Joseph McDermott is a 21 Year old Graphic & Media Design Student from Kingswinford (just outside of Birmingham) currently residing in Peckham. In his spare time he likes to skateboard around London whilst taking photos of the UK’s finest MC’s, his friends hanging out at the local chicken shop or Chloe Sevingy if she’s in the neighbourhood. I spoke to Joseph about the release of his first photobook “Get.Got”, his approach to photography and dream portraits.
So Joseph, tell us a little a bit about the how Get.Got came about?
Well the photo book came from me and my friends all carrying cameras and documenting what we found interesting on a day-to-day basis. I had been saying we should do something with these photos as we all had stacks that we were sitting on that were going unused. It started off as a zine and as more and more people got involved I decided to take it to hardback book. I always wanted to create something physical from it. I think in the current digital age it’s even more valuable to have a physical product. I wanted all the photographers involved to have a copy they could hold on to forever and even look back through in ten years time. It wouldn’t be possible without those guys too so shout out to: Ashley Robinson Dodd, Jake Ranford, Nicholas Borgehsi, Cameron Wilson, Luke Saunders, Joe Shaw, Joshua Price, Jack Aldridge, Nat Turner and Maxwell Granger.
What inspired you to start documenting everything around you?
It really started to appeal to me when I moved to London, you really do see the craziest stuff on a daily basis and some of my friends were already shooting, it seemed fun and I wanted to try it. After a few weeks I just started carrying my camera with me everywhere and I haven’t stopped since.
You’re into skateboarding, would you say that photographing daily street life is a natural byproduct of your interest in skating culture?
I’d say there’s a connection there, it just took me a while to realise it. I’ve grown up videoing and taking photos of myself and my friends skateboarding since I was about eleven. We’d always be filming ourselves skating and just documenting what we found fun and interesting, now I see this photography as just an extension of that. And I still find it as fun as I did growing up.
Why do you prefer to use film over digital?
There’s just something more special in the entire process of shooting film, there’s an excitement when you get your rolls developed. I’m a vinyl collector as well and I think it’s the same mentality, there’s just something about the entire process that I find much more satisfying and fun. I have a digital camera and it’s great for if I need something immediately but if it’s something I’m shooting for fun I’ll always opt for film. I’m only shooting on an Olympus MJU 3 150 and it’s been my most reliable camera for a while now and I picked it up in a job lot for £2.50 and whatever film I can get my hands on.
I think it’s important to not get bogged down thinking about equipment and I want to emphasise that anybody can begin shooting on whatever camera they have already, the biggest step is just going out and experimenting.
Your Instagram features scans of your 35mm work, an interesting use of that particular social media platform considering its original function, would you say Instagram is essential to spread a photographers work in this day and age?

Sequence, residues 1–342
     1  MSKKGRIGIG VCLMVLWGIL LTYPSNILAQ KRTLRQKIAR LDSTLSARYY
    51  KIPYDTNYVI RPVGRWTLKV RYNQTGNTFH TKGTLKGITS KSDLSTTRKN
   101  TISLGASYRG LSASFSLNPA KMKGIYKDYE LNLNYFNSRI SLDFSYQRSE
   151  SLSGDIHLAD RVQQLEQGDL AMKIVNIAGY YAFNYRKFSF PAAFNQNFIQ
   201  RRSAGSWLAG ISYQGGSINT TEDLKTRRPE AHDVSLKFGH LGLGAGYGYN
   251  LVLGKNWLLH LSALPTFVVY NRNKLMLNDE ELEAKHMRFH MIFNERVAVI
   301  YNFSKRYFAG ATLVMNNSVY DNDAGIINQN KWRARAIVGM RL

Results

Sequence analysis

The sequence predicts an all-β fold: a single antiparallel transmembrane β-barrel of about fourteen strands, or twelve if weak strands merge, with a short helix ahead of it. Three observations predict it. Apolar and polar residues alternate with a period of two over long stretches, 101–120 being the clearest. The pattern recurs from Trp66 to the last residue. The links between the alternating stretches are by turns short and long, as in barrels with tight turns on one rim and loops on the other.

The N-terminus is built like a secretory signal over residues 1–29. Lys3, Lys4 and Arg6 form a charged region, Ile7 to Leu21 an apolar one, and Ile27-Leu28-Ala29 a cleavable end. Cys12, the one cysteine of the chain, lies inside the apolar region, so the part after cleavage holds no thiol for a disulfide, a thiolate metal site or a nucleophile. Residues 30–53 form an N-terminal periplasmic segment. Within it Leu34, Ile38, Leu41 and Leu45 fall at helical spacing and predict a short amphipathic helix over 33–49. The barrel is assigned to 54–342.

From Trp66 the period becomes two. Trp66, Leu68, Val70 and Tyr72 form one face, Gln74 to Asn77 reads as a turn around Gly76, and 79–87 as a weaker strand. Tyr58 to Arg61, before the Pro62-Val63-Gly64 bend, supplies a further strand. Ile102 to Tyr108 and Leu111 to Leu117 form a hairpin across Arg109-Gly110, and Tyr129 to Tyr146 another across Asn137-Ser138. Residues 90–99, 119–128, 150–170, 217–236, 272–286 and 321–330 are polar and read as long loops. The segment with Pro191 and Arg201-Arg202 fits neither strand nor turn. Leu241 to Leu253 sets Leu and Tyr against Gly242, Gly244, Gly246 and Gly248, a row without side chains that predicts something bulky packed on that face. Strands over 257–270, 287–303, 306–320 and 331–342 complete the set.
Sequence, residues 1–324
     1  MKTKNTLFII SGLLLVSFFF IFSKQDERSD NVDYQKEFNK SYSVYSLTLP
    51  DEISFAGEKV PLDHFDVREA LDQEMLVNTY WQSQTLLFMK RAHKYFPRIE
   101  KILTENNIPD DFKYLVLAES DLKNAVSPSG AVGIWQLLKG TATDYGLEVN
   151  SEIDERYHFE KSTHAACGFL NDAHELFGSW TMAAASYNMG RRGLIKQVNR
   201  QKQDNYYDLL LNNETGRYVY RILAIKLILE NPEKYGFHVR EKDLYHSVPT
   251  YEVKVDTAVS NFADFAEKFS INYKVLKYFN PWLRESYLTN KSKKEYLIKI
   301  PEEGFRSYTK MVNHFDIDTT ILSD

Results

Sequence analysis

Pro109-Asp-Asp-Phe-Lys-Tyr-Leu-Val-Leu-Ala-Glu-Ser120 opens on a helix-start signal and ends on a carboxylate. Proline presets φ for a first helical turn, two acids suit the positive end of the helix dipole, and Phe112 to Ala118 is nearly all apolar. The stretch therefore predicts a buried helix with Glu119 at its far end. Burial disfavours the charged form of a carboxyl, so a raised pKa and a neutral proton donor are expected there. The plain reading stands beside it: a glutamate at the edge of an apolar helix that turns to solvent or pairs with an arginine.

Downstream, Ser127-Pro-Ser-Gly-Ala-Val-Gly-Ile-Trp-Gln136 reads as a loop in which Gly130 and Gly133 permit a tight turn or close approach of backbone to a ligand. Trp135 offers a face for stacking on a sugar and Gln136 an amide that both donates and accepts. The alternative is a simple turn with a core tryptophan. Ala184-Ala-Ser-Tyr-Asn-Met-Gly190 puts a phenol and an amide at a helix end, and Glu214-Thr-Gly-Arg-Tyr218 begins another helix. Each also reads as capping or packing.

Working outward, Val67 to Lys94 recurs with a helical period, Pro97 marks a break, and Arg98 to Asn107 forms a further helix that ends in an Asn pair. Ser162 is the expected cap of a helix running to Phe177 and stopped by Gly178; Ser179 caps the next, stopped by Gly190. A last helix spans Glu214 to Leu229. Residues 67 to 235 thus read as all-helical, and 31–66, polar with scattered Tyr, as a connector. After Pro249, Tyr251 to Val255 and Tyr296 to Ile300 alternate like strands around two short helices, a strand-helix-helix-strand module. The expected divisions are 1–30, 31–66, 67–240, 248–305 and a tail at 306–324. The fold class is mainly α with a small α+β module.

I’d definitely say it’s essential, there are designers and photographers and all sorts of creative people getting their work discovered through Instagram every day. It’s a crazy tool that scares me, but I think it’s very important for upcoming creatives to display their vision. I’ve already had some great opportunities and met some great people just from posting some of my pictures every couple of weeks.
The photos in the book and your blog feature a mixture of your mates and musicians, would you say it’s different taking photos of either?
I try to shoot them the same, I love shooting a musician as if they were just one of your mates. Having a laid back approach to shooting can lead to really organic shots and I try to keep that as a consistent theme. In some situations you have to just ask for the shot and they’ll pose but I really don’t want to control the subject or ask them to do anything. I feel like I just want to capture the atmosphere of that moment.
You mentioned earlier about having stacks of photographs lying about, is there a photo amongst them that you’re most proud of?
That would be the portrait I got of Chloe Sevingy, I met her at Dover Street Market and got her to sign my ‘Fucking Awesome’ skateboard that has her high school photo on. I remember taking my time on that one and being worried about it being out of focus and being super stoked when I got the film back.
Who would you most want to photograph in the world, living or dead?
I couldn’t even begin to think out of people who are dead, but I think I’d want to shoot somebody who’s alive. There’s so many powerful photos of the greats in their prime that will go down in the history books, I’d like to shoot somebody today that could potentially go on to be one of those great shots. I’d love the opportunity to shoot Young Thug or Lil B as they’re two of the most interesting figures in music today for me, especially if Young Thug styles himself for the shoot.
To grab your copy of Get.Got head over to http://getgot.bigcartel.com/
View more of Joseph’s work at http://internalfile.tumblr.com/or follow him on Instagram @joekid